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That shit is short! And look at Mickey in the background drinking from his water bowl. I know, you didn’t notice it because you were too taken aback by my awesome hair cut! Also, sadly, I resemble the recently deceased Professor Snape. If that doesn’t make you feel great, ain’t nothing ever will.   Well, hopefully this is the start of me being able to start living some sort of life other than swaddled in my own self-loathing. I will admit, while I was at the dentist I heard someone say “Do you know where JoDee is?” and I literally jumped up in a panic, but it turns out there is a hygienist that works there with the same name. #embarrassing. And while I was at the hair salon, I loved having SC with me, but I wished JoDee was with us, too. So even good moments are marred by some sadness. I guess this will just be my new normal. My reaction to anything that I would have done with JoDee and any one or all of the kids is that I don’t want to do it. But I can’t keep doing that. I have to plan, and participate, and begin to go through the motions of life. I won’t say that I will love life, because in a place where my daughter feels like the walking dead and is slowing closing all the doors of those who were willing to help her, I can’t love it. But I’m willing to comprise to the extent of at least participating. And for now, that has to be good enough.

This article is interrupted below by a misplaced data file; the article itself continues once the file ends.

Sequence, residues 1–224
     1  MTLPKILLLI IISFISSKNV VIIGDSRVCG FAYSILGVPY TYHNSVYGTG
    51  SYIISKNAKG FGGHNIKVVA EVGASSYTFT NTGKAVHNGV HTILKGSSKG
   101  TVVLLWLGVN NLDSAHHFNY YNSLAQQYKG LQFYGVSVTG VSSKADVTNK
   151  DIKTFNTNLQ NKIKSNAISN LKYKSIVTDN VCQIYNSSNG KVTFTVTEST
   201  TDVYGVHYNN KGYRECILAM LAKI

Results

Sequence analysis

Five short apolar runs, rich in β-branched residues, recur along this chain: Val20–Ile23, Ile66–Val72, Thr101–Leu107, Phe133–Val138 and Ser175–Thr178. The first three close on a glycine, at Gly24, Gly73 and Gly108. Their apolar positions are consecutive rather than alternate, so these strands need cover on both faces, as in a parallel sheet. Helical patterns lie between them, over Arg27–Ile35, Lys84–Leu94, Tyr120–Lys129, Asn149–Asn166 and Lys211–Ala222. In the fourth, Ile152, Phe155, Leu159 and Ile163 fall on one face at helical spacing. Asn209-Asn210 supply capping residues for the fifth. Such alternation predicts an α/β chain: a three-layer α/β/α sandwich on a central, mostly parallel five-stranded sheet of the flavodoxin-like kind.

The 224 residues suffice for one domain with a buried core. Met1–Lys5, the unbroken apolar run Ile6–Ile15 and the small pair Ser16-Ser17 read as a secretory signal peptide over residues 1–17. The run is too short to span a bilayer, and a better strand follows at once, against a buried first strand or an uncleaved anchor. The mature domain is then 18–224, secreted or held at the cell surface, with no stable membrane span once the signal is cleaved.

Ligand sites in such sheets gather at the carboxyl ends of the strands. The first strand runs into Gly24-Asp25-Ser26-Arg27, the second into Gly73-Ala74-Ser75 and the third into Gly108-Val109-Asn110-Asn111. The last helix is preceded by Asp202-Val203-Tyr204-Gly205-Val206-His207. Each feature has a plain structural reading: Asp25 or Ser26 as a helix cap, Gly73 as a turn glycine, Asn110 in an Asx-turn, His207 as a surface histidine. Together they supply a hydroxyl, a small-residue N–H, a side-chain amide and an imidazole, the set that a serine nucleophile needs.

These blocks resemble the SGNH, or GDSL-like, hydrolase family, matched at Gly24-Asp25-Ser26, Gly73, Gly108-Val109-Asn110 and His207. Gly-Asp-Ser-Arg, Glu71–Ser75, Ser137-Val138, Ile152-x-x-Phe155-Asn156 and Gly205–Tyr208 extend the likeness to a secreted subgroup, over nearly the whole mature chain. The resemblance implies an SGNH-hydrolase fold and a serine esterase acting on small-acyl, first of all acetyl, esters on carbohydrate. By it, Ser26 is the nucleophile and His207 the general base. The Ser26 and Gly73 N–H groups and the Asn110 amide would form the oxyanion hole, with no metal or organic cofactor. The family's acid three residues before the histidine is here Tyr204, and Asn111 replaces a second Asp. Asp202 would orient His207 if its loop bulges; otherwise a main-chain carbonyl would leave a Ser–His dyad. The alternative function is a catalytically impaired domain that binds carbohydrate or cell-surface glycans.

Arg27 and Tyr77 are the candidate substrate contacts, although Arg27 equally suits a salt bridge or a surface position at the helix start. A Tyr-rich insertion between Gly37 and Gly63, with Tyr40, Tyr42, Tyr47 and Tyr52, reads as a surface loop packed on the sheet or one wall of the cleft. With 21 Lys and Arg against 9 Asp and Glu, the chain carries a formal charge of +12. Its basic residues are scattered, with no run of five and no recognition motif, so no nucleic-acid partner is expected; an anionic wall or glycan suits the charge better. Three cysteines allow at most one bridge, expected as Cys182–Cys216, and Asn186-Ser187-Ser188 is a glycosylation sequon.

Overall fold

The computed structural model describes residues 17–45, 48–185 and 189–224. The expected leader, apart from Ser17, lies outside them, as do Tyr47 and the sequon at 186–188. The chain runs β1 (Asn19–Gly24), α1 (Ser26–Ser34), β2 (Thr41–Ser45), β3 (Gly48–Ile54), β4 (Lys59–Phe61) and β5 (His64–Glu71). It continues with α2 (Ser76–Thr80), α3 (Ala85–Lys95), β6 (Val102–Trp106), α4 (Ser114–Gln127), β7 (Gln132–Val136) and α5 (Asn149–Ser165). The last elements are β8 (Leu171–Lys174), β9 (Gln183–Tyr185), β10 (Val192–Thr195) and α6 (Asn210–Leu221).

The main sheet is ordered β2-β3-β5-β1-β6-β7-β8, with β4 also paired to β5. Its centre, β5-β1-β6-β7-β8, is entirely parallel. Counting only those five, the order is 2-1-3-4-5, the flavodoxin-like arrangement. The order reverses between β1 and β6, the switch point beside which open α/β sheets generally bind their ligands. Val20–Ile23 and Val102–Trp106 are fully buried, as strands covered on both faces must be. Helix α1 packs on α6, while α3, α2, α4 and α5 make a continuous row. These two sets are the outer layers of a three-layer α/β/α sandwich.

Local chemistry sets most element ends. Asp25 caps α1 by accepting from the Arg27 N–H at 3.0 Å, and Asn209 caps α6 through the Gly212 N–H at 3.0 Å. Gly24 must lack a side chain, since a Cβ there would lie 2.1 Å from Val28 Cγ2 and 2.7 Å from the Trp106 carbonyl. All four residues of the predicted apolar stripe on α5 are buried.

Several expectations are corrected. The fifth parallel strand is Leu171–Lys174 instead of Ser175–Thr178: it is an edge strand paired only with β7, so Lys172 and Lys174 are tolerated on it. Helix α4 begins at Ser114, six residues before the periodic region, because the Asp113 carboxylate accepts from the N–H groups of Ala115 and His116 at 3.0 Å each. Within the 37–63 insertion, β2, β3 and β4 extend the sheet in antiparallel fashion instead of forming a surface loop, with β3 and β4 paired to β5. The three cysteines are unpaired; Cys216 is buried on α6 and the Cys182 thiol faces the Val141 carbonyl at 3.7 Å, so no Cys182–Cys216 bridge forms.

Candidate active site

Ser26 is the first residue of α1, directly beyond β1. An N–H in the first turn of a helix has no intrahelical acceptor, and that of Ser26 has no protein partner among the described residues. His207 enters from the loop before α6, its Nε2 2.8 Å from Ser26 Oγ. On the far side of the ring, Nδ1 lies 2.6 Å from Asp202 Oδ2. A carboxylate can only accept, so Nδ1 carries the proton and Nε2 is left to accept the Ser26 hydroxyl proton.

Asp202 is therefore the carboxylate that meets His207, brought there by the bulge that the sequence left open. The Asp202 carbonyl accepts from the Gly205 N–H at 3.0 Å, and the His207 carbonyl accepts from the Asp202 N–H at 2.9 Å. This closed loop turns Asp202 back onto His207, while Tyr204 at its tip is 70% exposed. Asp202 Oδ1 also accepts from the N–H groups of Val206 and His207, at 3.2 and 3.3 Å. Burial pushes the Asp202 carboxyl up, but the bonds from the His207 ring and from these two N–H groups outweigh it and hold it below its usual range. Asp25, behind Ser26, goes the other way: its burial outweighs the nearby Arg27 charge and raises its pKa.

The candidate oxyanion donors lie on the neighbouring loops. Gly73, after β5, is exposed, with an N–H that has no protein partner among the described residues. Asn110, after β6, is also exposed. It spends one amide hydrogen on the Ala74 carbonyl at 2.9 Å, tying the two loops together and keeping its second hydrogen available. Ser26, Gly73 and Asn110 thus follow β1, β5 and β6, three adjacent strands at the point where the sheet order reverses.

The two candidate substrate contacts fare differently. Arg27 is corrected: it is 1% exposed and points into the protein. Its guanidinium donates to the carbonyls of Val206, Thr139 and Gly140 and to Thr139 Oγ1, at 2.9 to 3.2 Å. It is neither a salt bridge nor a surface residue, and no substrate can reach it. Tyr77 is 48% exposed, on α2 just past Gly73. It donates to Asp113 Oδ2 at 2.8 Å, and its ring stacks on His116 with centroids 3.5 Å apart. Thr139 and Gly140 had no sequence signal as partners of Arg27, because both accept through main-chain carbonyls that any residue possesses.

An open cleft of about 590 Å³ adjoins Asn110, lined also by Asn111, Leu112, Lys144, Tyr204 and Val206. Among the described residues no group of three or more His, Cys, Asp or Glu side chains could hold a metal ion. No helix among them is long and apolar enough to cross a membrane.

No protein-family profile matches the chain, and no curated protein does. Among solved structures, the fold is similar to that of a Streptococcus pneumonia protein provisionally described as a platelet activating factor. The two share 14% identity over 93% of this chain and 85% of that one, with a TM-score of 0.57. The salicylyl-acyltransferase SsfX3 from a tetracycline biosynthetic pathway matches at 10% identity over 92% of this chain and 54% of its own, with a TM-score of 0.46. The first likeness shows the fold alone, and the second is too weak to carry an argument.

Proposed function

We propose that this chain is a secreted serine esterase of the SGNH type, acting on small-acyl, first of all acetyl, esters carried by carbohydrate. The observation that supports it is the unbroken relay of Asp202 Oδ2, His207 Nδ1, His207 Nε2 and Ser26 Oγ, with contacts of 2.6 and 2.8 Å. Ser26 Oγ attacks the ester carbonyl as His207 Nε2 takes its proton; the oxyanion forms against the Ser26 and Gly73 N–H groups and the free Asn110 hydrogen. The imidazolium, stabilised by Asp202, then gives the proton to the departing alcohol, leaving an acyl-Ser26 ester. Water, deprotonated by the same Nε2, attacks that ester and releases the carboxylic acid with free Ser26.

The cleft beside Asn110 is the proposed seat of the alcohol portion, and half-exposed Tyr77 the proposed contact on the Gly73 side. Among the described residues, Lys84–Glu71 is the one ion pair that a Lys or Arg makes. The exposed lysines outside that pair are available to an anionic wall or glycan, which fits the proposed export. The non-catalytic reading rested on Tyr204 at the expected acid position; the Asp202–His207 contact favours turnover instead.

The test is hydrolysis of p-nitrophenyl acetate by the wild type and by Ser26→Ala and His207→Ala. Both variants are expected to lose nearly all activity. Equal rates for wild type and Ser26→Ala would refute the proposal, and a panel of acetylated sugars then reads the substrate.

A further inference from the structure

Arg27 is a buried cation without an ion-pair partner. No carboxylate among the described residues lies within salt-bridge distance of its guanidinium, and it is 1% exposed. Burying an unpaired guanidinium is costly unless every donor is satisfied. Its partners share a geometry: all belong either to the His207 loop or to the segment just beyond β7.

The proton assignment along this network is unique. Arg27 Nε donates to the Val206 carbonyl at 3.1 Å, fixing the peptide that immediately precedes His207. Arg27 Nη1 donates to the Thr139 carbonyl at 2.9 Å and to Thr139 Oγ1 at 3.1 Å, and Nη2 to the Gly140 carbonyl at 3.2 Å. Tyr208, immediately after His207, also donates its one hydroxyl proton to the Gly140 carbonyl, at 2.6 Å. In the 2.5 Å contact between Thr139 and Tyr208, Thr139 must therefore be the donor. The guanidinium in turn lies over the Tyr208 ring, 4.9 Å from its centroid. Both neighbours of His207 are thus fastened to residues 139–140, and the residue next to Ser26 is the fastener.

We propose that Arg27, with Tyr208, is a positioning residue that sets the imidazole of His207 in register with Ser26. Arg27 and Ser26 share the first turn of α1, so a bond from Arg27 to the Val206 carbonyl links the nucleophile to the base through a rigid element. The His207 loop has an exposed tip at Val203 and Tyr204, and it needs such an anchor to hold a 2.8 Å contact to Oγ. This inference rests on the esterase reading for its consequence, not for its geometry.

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2 thoughts on “Facing My Fears

  1. Dear Melanie:

    I have been following your blog for some time now and it always amazes me how you are able to verbalize the feelings and fears of the parent of an addict. That visceral fear that is always with you and glazes your every day life with a deep sense of dread.

    I was happily married to a woman that I loved six years ago with two wonderful twin boy and girl. They were not my biological children but I raised them as such since age 8.

    Upon graduating high school and sending them to college, they both came back addicted to heroin after the first semester. These were kids that had always been terrified of doctors and needles. When the truth sank in of their addiction, we were understandably devastated. However, the difference between them and Jodee is that they kept getting arrested and put into court mandated rehab programs. Every time they came out, there was hope, but relapses soon followed. Just imagine. Not one, but two addicts.